We use individual and household level panel data to study labor market dynamics, with a focus on what factors help men and women to achieve advantageous jobs in the labor market and whether those factors differ between men and women. Specifically, we examine the influence of personal characteristics (such as education), family characteristics (such as the number of children), and job characteristics (such as the industry sector of employment) in determining whether a women (or man) moves up into an advantageous labor market state from an unfavorable state. We consider three labor market states to be “advantageous” (“favorable” in Spanish): (1) formal salaried employees, (2) non- agricultural self-employed workers and employers with a decent income (defined as a household consumption above the poverty line) or an employer with a successful and growing firm (defined as employers with more than 5 employees or an employer of firms with fewer than 5 employees whose firm increased the number of employees last year), and (3) agricultural self-employed workers or employer with a decent income or an employer of a successful and growing firm. We examine the transitions into and out of these advantageous labor market states and other labor market and non-labor market states including informal salaried employment, unfavorable non-agricultural self-employment, unfavorable agricultural self-employment, unemployment and out of the labor force (distinguishing between those going to school and those not).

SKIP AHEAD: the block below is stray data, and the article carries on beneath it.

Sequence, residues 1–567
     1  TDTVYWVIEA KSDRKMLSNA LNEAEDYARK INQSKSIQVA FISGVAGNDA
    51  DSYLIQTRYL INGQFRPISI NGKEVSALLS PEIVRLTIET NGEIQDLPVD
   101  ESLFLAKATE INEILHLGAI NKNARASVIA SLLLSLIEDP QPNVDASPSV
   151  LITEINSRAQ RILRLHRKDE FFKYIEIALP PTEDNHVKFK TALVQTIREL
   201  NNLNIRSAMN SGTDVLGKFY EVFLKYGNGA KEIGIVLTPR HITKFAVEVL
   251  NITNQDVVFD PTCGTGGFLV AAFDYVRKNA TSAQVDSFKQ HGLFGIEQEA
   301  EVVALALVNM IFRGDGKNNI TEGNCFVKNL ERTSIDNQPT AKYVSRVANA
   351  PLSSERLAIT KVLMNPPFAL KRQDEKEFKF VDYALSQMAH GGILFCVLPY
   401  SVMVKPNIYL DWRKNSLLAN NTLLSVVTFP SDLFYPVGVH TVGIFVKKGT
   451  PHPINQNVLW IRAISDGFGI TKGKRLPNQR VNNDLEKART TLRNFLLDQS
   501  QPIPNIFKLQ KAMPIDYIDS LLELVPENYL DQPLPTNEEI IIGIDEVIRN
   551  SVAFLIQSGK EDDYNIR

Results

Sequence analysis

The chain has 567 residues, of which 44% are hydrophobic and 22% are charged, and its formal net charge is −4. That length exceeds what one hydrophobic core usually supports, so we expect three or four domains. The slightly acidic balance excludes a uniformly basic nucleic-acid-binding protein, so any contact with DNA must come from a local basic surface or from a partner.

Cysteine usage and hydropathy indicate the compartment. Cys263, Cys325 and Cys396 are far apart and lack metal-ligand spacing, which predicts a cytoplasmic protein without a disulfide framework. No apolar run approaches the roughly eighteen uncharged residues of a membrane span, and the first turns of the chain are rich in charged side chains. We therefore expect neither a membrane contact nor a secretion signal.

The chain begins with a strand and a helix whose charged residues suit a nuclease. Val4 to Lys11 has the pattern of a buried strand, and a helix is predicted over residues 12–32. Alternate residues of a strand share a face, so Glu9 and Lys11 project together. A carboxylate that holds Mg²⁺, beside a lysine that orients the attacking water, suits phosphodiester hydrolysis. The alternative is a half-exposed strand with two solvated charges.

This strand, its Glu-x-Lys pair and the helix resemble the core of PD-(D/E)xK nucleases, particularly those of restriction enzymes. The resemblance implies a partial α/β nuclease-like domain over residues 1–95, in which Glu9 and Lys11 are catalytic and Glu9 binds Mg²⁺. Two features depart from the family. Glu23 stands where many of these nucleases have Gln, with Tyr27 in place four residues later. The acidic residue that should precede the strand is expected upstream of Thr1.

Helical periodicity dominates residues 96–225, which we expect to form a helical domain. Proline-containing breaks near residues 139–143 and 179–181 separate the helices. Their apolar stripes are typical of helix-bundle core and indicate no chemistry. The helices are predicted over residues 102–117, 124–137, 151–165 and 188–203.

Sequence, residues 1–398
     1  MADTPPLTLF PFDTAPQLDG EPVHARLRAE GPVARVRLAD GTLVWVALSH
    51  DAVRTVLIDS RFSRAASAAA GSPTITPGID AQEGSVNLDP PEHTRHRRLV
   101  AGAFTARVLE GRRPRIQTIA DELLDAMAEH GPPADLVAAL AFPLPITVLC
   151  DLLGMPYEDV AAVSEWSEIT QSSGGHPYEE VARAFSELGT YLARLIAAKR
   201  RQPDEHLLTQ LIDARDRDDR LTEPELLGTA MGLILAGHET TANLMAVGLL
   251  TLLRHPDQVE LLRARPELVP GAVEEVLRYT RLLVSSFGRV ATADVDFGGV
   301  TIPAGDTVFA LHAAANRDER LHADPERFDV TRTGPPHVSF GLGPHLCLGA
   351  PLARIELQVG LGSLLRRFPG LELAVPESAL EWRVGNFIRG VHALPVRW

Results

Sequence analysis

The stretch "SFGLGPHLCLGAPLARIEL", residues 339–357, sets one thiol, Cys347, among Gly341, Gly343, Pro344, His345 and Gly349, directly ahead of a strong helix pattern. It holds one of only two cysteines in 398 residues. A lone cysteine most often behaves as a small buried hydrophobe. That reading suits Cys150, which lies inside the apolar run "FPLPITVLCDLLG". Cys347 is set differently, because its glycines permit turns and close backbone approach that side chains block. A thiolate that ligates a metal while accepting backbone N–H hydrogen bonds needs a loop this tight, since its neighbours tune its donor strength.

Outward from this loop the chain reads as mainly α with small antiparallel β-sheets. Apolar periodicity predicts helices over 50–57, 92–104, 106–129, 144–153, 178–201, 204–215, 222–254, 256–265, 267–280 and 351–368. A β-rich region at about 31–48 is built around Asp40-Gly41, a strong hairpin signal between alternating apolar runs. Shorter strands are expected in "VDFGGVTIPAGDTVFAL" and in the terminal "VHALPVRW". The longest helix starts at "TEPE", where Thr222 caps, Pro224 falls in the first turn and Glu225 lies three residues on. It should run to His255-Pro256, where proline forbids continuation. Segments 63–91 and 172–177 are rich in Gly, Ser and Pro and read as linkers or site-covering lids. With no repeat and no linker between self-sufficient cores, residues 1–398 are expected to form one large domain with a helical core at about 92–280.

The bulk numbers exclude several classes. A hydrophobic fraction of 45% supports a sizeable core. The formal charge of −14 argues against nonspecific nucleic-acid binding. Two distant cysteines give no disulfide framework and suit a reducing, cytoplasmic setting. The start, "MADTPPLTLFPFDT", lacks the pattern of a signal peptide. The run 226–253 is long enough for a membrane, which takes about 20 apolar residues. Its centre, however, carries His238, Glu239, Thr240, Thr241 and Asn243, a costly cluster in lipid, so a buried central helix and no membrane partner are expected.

Our work sheds light on the answers to two key questions: (1) what are the characteristics of the men and women who move up to an advantageous labor market state from an unfavorable one?; (2) what are the characteristics of the men and women who fall out of an advantageous labor market states into unfavorable ones? The answers to these questions contribute to the appropriate design and targeting of public policy interventions to promote success in the labor market. Our work also sheds light on whether the characteristics correlated with success in the labor market differ between women and men, and therefore whether the appropriate design and targeting of policies is different for men and women.
Centro Internacional de Investigaciones para el Desarrollo del Gobierno de Canadá (IDRC-Canadá)
Alaniz, E. y T.H Gindling. (2014) “Moving in and Moving Up: Labor Market Dynamics of Women and Men in Nicaragua” Fundación Internacional para el Desafío Económico Global. Documento de trabajo 012014.